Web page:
With the shift toward pixel capture and the rapid disappearance of film and paper emulsions, the vernacular crop is dwindling. So, too, are our traditional archived notions of memory, existence, and identity. What, if anything, will replace the anonymous evidence of the found snapshot? What will become the new vernacular? Will a new breed of collectors attempt to revive images off of found CPUs, camera cards, or disks left un-migrated to physical or online form? Or will these images stay buried among dismantled computer parts sent to China for recycling? In an attempt to create the model of the new vernacular, there are intriguing methods of creating personal digital archives via social networking websites, metadata workflow, and photo sharing (such as Flickr.com). While these methods continue to evolve as we wire and keyword the world, the nostalgic thrill of hunting for a physical and singularly unique gelatin silver snapshot remains timeless.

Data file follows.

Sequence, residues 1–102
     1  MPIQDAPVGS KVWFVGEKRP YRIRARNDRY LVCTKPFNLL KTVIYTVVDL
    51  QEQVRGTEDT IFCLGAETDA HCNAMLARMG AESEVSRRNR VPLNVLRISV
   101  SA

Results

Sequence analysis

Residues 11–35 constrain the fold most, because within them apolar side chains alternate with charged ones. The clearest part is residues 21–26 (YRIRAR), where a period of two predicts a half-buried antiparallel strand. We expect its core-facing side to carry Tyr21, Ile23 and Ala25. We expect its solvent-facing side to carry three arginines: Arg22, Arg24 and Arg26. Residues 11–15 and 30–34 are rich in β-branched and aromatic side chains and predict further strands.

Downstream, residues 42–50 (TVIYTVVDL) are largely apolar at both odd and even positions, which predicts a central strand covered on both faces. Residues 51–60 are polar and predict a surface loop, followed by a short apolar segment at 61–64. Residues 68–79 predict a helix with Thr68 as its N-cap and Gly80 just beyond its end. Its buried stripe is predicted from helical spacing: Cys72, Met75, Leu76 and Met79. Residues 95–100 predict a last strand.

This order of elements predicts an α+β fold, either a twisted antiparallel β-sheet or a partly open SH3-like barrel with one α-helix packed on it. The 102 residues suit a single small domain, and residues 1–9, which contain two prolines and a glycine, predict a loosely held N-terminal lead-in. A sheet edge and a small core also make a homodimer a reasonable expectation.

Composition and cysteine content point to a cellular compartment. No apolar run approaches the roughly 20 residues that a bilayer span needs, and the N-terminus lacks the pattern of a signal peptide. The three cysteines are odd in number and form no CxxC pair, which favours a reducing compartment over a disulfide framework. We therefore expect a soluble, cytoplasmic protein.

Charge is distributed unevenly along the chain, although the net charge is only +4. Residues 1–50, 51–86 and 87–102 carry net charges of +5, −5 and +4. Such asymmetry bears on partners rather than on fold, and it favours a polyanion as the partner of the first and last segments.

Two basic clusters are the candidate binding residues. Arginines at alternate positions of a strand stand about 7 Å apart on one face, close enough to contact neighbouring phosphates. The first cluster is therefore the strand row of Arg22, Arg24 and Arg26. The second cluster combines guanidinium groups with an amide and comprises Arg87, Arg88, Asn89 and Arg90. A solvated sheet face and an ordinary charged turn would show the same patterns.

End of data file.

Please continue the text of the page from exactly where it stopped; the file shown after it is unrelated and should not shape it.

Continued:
The doomsday of traditional materials is evident, so much so that The Getty Conservation Institute is making efforts to archive twentieth-century prints and paper. On their website is a “call to help:”
“Scientists at the Getty Conservation Institute need your old photographic papers, film, negatives, and prints to build an archive of knowledge and materials from the era of classical photography. This archive will become a reference collection for future generations of photo conservators and scholars, and will allow them to research and authenticate the treasures of the classical photography era.”
In light of the dwindling vernacular crop and the increased sentimentality for the unique snapshot, the hunt for the vernacular spectacular is on. And, more than ever, so is the call to conserve your own images and memories, however faded they may be.